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It is hypothesized that empathic concern evokes altruistic motivation (Batson, 1991). As we can see in our daily life, stimulating empathy to the suffering is a common advertising strategy for charitable donation. While empathizing, we adopt the perspective of others and share their feelings so we can understand their need. Then, these empathic responses motivate us to have concern for others’ well-being and save them from any negative outcomes. However, whether altruistic behaviors are truly other-oriented or actually self-benefit motivated is still controversial. In this study, we focus on the empathy network in the human brain and use Multi- Voxel Pattern Analysis (MVPA) to provide new evidence in this debate. Adapting an established protocol of empathy-for-pain studies (Singer et al. 2004, 2006; Hein et al. 2010), we tested whether the neural activities of empathy can predict altruistic behaviors and how kin relationship modulate the willingness to take altruistic actions. In the experiment, daughters faced two types of conditions: in “Forced Choices” trials, subjects either passively received the shock or observed their mothers or strangers receiving the shock; in “Free Choices” trials, daughters had to actively decide whether to receive the shock themselves or to defer the shock to mothers and strangers. We find that when daughter chose to sacrifice themselves to receive the shock, the neural pattern in empathy network is more similar to when daughters themselves were in pain rather than observing others in pain. These finding suggest that altruistic choices are self-oriented process. We do not find a distinct neural pattern when subjects had to make the altruistic choices facing their mother or a stranger, however, the shock deferring rate to stranger is significantly higher than mother at the behavior level.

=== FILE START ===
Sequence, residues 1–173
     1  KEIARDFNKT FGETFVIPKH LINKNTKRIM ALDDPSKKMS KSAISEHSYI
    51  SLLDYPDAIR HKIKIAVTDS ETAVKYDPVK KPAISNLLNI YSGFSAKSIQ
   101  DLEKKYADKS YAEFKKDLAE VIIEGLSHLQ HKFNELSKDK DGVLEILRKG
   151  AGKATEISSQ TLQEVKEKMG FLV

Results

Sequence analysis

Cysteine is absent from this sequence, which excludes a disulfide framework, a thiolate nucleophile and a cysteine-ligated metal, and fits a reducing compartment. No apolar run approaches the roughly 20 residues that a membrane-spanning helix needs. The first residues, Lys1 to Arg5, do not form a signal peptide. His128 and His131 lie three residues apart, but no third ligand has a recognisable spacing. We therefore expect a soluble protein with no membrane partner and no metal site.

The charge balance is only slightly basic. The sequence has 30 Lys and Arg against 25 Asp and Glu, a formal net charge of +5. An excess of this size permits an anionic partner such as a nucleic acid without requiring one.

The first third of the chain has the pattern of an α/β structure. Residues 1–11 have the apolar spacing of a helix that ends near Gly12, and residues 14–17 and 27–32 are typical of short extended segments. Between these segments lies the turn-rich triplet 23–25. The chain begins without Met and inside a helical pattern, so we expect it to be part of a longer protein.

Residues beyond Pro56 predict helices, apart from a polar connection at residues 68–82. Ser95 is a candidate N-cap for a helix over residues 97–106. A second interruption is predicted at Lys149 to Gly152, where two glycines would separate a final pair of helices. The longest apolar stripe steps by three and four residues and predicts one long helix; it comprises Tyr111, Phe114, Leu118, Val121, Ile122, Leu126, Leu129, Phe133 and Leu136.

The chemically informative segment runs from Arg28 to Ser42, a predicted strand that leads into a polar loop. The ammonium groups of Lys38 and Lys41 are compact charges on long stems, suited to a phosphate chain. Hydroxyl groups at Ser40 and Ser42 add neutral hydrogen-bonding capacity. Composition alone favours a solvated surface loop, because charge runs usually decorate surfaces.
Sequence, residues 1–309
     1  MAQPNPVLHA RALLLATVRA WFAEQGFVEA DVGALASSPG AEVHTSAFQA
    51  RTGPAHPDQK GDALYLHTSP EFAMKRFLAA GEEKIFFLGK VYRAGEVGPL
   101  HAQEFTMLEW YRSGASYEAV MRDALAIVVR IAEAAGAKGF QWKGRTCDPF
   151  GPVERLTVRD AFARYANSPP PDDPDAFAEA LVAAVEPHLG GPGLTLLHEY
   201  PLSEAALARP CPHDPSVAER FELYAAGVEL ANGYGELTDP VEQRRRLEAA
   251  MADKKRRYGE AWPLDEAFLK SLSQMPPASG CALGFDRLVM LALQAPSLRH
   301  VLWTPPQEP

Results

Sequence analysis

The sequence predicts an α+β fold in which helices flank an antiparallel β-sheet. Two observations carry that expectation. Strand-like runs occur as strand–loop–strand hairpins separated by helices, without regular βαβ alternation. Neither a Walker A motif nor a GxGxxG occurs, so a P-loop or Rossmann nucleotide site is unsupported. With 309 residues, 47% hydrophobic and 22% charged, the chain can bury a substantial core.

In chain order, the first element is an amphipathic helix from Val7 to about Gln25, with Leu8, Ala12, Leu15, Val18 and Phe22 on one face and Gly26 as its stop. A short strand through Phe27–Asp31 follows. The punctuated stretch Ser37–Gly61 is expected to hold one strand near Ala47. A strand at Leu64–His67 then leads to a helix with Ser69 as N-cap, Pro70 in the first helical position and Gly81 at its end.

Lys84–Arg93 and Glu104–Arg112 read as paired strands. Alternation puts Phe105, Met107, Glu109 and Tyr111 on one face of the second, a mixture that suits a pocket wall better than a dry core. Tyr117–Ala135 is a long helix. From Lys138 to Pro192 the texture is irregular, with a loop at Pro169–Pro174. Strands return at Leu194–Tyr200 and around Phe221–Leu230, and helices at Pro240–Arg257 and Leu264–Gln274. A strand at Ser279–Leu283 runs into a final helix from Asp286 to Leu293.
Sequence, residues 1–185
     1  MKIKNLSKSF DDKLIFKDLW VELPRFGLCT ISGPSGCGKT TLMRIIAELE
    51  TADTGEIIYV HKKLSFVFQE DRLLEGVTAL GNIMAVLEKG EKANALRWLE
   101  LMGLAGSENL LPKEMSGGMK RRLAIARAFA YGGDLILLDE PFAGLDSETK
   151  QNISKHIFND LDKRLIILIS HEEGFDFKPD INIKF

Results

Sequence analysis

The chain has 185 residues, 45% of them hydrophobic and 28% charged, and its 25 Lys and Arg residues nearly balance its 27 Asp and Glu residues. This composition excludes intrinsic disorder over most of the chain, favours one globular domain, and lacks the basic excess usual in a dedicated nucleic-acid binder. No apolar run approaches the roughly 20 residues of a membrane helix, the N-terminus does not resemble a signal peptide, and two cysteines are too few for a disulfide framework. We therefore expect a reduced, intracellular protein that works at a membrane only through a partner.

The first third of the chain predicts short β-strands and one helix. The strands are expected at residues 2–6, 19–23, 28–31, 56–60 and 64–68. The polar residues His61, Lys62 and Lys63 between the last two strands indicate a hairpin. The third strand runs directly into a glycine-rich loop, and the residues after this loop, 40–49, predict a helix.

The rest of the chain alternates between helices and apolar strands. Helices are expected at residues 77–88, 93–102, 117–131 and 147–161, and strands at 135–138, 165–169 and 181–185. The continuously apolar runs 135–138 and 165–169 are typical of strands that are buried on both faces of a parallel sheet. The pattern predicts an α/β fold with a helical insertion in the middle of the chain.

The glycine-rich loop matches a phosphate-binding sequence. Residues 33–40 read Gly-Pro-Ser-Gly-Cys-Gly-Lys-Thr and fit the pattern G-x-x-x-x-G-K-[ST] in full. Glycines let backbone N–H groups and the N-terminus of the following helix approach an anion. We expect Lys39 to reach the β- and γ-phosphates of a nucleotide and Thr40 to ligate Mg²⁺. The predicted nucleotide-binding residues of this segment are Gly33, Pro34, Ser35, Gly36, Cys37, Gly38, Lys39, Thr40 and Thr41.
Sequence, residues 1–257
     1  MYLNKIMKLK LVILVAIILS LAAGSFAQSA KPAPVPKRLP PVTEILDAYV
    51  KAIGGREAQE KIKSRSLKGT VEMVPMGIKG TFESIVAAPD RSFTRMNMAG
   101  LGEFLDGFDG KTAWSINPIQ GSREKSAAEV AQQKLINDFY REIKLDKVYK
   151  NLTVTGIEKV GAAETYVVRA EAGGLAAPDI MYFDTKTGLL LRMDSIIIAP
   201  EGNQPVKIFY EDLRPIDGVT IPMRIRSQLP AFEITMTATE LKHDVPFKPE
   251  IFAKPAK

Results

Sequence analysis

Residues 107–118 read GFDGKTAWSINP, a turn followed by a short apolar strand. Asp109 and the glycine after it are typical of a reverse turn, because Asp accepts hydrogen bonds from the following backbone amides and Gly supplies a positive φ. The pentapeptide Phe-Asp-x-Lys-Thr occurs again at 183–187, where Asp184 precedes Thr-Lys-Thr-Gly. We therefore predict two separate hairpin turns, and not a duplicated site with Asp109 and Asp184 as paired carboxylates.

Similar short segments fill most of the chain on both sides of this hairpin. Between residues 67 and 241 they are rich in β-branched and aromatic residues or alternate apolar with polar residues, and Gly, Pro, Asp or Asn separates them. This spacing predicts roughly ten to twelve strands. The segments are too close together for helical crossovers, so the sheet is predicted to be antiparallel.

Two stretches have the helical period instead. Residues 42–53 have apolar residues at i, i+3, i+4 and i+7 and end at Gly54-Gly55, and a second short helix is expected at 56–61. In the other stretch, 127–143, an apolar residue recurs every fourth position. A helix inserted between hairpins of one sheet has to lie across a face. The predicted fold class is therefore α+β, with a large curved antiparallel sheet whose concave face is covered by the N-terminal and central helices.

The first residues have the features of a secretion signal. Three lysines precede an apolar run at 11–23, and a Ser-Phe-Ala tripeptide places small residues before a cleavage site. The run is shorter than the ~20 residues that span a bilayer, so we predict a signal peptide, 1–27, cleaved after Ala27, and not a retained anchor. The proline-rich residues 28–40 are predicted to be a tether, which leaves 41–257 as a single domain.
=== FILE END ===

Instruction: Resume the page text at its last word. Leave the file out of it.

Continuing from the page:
Date Posted: 20 November 2019